Like America’s Puritan forefathers, whose efforts he affirmed he was extending, John Adams (1735-1826) advanced the theme of America as a remarkable political undertaking, conducted before God and the watching world. For Adams, America was exceptional not because she was a new Israel but because she was by divine providence the site of an ongoing political experiment. That experiment would test whether it was possible to secure right order and so to advance liberty, against the alternatives of chance and caprice as ruling forces in human affairs. The purpose of this essay is to examine Adams’ understanding of the American political experiment, its origin, aim, obligation, and special significance for “all mankind.” The essay’s three main sections explore (1) Adams’ evaluation of the American experiment and his political science, (2) his view of America’s responsibility to advance well-ordered liberty before God and all people, and (3) his conception of the limits of politics. It concludes by examining Adams’ thought that continued success for America depended upon the choice by members of subsequent generations to advance the difficult experiment in liberty.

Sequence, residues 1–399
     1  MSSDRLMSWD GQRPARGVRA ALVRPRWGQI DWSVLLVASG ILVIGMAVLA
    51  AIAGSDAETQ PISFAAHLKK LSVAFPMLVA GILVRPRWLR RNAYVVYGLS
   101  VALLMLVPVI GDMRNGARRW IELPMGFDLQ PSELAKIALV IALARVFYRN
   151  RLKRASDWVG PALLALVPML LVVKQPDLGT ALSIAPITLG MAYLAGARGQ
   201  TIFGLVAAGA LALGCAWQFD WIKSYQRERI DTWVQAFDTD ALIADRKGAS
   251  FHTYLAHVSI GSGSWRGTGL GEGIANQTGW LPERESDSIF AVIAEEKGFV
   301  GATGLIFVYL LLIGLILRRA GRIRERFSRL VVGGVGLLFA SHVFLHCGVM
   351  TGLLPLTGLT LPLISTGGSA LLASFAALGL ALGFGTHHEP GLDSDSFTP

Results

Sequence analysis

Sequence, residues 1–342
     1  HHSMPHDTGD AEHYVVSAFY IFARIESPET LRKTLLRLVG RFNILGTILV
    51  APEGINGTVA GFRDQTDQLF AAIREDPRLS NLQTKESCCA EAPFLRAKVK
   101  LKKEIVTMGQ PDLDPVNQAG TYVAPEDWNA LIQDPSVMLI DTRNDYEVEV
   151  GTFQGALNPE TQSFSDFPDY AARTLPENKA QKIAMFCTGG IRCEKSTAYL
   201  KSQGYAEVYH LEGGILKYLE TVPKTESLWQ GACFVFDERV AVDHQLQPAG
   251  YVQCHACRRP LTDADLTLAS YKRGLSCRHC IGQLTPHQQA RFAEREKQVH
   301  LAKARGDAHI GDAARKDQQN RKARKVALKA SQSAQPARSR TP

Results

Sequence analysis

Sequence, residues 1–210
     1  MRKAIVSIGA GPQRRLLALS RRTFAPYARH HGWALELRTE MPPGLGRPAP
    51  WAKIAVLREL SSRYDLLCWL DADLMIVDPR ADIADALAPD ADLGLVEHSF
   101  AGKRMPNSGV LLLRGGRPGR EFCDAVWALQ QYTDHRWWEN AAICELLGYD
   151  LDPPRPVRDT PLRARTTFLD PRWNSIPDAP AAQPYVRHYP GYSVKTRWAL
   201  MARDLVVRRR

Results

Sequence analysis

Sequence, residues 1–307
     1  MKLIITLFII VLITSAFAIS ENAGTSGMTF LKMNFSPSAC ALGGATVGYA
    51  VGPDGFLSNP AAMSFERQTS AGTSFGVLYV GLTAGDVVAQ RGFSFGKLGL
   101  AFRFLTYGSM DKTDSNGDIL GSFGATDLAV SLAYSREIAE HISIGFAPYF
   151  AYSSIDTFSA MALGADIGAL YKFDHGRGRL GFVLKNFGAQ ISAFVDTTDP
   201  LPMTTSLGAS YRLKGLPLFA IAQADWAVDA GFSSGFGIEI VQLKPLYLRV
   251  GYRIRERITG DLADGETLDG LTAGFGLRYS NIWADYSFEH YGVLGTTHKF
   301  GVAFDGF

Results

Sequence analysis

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Sunday, September 2, 2012
John Adams and American Exceptionalism
At several points in our text, and multiple times at this blog, we discuss American exceptionalism. Sarah Beth Vosburg of Louisiana State University has a new paper on the subject: "American Exceptionalism, Responsibility, and the Limits of Politics: America's Purpose and Liberty's Progress in the Political Thought of John Adams." Here is the abstract: